It wasn’t not too long ago that typing was ubiquitous in computer class. Typing curriculum programs were an important focus of technology instructors who knew the burgeoning technological landscape meant students would need to be able to keyboard—and keyboard effectively—to get ahead.
Why, then, have some schools recently opted out of teaching keyboarding at all?
One reason, according to forlorn parents online, is that typing isn’t required on standardized tests. With the pressure of higher test scores mounting, typing fell by the wayside—if it isn’t tested, it isn’t needed, right?
However, more and more standardized tests are moving online. In fact, even SAT testing is digitizing. Students without typing skills will be left even further behind if (and when) these tests move online since their performance will be hindered by their ability to use a computer. This is true not only in education, but in job performance as well: the ability to type, and to type effectively, will either help or hinder a student’s ability to achieve in environments dependent on technology.
The Myth of the Digital Native
Many children now are being exposed to keyboards long before they can even read fluently. Educators see these students typing away on cell phones and assume these children, who have had so much technological experience even leading up to their early school years, have naturally picked up technology skills including keyboarding. Hence the term “digital native.”
However, the “Myth of the Digital Native” is called a myth for a reason. Even though students can type on phones and tablets, much of this typing relies on search-and-peck tactics, autocorrect, abbreviations, or the use of emojis, gifs, and other visual communication. There’s also voice-to-text technology that is becoming prevalent not only in younger generations, but in older generations as well.
When these “digital native” keyboarding skills are put to the test, educators find that there’s no use of home row keys, that students are dependent on looking down at their hands and the keys, and that typing with two thumbs on a smartphone simply doesn’t translate to being able to type effectively on a computer.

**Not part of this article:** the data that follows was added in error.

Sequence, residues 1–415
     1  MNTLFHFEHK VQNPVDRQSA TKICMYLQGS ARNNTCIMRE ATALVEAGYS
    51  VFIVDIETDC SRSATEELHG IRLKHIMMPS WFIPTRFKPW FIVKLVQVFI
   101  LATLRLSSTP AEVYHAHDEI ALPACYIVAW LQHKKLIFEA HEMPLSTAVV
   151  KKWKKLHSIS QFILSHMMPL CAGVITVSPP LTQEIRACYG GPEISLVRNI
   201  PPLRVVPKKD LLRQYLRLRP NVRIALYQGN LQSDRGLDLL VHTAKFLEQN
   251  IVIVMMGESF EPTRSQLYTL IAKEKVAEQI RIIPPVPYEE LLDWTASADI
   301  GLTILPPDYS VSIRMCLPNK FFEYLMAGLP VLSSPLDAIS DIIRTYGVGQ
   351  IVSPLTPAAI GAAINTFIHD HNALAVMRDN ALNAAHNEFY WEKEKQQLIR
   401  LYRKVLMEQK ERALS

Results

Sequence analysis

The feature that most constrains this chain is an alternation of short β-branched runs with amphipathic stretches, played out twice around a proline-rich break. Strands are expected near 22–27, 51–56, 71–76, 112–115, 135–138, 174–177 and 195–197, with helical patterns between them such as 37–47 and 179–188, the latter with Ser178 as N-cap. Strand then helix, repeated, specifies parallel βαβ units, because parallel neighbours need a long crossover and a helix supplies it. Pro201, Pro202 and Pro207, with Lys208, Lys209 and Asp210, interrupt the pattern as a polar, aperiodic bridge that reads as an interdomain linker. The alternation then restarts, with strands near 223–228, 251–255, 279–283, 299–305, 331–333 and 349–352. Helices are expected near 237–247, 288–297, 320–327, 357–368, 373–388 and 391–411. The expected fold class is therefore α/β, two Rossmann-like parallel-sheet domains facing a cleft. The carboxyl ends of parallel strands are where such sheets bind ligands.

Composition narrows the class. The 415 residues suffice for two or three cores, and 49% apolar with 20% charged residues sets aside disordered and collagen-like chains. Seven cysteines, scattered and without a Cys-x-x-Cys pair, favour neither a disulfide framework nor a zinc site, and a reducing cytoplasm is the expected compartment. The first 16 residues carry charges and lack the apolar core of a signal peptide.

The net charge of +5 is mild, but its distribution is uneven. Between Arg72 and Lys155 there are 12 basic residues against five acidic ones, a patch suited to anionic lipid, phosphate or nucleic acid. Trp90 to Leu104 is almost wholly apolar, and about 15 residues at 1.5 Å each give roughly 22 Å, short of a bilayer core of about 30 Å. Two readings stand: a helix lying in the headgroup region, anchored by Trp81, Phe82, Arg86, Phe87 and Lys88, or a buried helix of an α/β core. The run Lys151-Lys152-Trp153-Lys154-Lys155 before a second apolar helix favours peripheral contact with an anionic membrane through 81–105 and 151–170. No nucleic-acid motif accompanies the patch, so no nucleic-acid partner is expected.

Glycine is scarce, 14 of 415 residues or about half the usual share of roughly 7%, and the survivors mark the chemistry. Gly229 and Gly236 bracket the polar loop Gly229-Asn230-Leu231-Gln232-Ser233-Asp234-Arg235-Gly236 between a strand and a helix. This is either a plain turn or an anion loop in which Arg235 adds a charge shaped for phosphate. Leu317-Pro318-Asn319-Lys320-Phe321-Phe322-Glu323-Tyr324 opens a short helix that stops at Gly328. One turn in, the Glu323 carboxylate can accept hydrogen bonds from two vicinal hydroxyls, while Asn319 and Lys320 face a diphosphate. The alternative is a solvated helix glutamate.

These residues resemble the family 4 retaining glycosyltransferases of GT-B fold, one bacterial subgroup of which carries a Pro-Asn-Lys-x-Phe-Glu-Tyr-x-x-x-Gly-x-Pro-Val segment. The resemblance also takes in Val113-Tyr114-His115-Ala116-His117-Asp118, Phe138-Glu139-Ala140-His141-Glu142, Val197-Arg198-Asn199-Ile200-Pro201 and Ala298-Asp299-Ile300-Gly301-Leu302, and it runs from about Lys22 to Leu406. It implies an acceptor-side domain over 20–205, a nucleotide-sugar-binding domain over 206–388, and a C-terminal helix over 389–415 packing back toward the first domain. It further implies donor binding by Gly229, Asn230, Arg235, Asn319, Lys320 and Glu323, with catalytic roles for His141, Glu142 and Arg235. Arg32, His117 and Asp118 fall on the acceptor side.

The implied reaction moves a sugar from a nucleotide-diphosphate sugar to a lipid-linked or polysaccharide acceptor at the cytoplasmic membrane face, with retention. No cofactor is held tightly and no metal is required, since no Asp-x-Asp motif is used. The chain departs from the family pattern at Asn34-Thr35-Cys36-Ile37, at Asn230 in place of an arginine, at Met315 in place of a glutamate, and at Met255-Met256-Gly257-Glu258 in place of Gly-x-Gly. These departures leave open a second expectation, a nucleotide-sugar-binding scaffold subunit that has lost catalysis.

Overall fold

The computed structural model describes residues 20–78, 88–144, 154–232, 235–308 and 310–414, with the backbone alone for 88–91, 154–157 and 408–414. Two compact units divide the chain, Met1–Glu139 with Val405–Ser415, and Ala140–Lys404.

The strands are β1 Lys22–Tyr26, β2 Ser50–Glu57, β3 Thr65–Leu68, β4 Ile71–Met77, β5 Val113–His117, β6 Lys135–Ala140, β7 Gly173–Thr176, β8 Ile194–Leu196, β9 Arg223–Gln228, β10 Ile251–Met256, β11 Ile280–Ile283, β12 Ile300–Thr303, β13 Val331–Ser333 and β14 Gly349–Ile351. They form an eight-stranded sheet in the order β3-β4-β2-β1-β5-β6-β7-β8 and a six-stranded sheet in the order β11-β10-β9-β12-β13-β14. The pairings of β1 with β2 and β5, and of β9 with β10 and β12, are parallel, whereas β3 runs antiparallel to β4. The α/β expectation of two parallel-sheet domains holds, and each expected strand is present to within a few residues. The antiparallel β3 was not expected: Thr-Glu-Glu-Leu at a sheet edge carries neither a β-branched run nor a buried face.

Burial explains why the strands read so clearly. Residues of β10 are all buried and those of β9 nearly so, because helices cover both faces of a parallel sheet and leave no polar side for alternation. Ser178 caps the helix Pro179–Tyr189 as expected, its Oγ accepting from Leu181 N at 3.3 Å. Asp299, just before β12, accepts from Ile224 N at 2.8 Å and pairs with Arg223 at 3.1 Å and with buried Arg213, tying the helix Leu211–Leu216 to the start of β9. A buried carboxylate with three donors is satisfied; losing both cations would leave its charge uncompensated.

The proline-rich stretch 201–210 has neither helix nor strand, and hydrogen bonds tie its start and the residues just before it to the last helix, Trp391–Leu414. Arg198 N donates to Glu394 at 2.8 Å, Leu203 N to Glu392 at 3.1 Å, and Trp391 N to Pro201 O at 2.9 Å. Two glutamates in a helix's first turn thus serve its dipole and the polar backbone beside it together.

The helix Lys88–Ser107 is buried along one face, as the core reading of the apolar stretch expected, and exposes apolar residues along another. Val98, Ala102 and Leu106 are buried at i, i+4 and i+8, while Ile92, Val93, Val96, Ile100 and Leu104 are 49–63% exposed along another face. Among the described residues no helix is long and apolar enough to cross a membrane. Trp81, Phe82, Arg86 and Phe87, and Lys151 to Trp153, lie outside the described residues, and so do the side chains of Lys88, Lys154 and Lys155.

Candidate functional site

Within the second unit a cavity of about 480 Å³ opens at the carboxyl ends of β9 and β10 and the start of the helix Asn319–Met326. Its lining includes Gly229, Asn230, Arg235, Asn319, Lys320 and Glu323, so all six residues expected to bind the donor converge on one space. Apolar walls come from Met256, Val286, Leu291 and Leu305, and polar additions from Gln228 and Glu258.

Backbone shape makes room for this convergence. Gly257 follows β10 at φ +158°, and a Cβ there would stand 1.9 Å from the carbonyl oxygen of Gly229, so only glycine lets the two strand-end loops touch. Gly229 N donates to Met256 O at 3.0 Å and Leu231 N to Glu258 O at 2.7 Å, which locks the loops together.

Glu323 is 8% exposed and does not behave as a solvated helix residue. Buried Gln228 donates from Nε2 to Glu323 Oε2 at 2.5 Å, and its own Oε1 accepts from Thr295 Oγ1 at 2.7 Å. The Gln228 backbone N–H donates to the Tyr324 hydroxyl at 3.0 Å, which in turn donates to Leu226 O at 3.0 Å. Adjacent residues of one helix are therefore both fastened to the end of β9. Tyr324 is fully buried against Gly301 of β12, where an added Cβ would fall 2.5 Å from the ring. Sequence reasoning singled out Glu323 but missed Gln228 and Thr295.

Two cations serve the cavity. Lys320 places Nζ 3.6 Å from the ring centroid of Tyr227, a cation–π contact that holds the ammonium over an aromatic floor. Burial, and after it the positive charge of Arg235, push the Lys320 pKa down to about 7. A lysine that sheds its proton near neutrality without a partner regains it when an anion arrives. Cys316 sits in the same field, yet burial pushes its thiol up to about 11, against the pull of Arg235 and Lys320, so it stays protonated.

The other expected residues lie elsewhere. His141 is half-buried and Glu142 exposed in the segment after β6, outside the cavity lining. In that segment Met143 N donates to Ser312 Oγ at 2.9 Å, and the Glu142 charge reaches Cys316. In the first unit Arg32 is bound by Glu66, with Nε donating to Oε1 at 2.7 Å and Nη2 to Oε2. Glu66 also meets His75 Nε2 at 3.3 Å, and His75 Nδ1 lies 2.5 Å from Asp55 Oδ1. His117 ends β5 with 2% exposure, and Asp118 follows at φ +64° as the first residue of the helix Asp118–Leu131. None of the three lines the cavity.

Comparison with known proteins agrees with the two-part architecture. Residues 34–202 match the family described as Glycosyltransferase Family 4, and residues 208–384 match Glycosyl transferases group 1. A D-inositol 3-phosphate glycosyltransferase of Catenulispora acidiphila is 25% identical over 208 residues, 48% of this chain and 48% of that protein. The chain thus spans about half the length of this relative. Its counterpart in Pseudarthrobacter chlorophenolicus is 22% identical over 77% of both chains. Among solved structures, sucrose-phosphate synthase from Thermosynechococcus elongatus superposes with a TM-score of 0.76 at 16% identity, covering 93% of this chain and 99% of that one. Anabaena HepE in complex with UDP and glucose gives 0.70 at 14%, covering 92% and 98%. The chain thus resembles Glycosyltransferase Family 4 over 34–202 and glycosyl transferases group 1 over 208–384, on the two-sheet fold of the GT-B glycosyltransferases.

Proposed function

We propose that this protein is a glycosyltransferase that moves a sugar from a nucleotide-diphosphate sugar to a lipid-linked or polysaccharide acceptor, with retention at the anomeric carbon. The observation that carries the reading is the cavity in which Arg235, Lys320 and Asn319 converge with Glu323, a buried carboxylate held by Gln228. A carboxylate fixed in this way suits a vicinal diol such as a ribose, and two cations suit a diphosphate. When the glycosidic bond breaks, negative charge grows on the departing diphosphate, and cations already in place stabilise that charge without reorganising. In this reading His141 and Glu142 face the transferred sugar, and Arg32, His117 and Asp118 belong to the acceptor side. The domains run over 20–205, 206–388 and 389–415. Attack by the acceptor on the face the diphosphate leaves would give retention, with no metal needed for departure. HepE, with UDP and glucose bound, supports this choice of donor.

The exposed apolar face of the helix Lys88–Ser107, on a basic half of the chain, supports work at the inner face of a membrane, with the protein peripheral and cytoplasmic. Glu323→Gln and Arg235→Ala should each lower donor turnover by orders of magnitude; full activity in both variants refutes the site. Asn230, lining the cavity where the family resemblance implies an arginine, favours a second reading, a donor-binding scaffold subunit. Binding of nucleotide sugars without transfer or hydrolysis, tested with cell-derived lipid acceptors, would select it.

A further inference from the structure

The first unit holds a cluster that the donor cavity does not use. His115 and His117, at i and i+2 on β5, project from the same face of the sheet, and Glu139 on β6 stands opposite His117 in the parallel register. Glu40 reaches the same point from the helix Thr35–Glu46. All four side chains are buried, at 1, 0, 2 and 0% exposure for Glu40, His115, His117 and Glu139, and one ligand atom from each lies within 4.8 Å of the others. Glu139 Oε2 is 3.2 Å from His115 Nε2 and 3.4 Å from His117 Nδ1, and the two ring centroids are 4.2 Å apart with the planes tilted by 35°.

The Way We Type Matters
While “digital native” students may have picked up their own typing styles because of their exposure to cell phone and tablet touch pads, these skills rarely include touch typing (typing without looking at the keyboard). Touch typing in a digital world, however, is a critical skill.
“Touch typing is an example of cognitive automaticity, the ability to do things without conscious attention or awareness. Automaticity takes a burden off our working memory, allowing us more space for higher-order thinking,” says Anne Trubek, a writer and editor who was previously on faculty at Oberlin College.
In short, touch typing allows students to type without thinking about typing where search-and-peck typing requires multitasking that interrupts a student’s thought process, making the execution of the process slower and less effective.
Keyboarding is a Gateway Tool
While keyboarding words per minute (WPM) may not make it onto professional resumes anymore, the ability to type—and type effectively—is critical to a wide range of other digital skills.
There’s no doubt that the professional world is becoming more digitally dependent. Students’ careers may include the spreadsheets, databases and word documents of today’s typical job duties, but they’re also likely to include artificial intelligence, robotics, augmented reality, blockchains and other technology we haven’t even conceptualized yet. As of now, most of these technologies rely on code, commands, or communication using a traditional QWERTY keyboard. Lacking typing skills, then, won’t just make it more difficult for students to write an email quickly and effectively, it will hinder their ability to interact with essential technology in a competitive job market.
Our Responsibility as Educators
Our responsibility as educators is a heavy one. We are tasked with preparing students with knowledge, skills, and mindsets that prepare them for future careers (often with the knowledge that we, as educators, may have no idea what those future careers might be). In 2023, at least, we can say that with the current trajectory of technology, keyboarding skills are still quite critical in education.
Learning.com’s Adaptive Keyboarding Program
Put your digital natives to the test with a typing curriculum that adapts to their current skill sets. Instead of putting each student through the inflexible rhythm of “Lesson 1, Lesson 2” typing programs, our adaptive keyboarding program adjusts practice, drills, test questions, and intervention to meet a child at their current level. Learn more about our adaptive keyboarding program or try it free today by clicking the button below.
Founded in 1999, Learning.com provides educators with solutions to prepare their students with critical digital skills. Our web-based curriculum for grades K-12 engages students as they learn keyboarding, online safety, applied productivity tools, computational thinking, coding and more.
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